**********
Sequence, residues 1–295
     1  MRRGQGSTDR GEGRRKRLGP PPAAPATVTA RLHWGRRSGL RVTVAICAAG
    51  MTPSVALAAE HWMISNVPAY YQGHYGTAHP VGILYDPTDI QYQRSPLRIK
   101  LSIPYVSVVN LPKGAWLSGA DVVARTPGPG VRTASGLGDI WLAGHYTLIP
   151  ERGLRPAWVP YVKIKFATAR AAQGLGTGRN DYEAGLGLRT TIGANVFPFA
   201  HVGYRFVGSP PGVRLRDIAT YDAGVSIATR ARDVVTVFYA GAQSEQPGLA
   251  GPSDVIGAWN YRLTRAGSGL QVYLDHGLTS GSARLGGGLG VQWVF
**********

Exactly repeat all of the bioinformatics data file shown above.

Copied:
Sequence, residues 1–295
     1  MRRGQGSTDR GEGRRKRLGP PPAAPATVTA RLHWGRRSGL RVTVAICAAG
    51  MTPSVALAAE HWMISNVPAY YQGHYGTAHP VGILYDPTDI QYQRSPLRIK
   101  LSIPYVSVVN LPKGAWLSGA DVVARTPGPG VRTASGLGDI WLAGHYTLIP
   151  ERGLRPAWVP YVKIKFATAR AAQGLGTGRN DYEAGLGLRT TIGANVFPFA
   201  HVGYRFVGSP PGVRLRDIAT YDAGVSIATR ARDVVTVFYA GAQSEQPGLA
   251  GPSDVIGAWN YRLTRAGSGL QVYLDHGLTS GSARLGGGLG VQWVF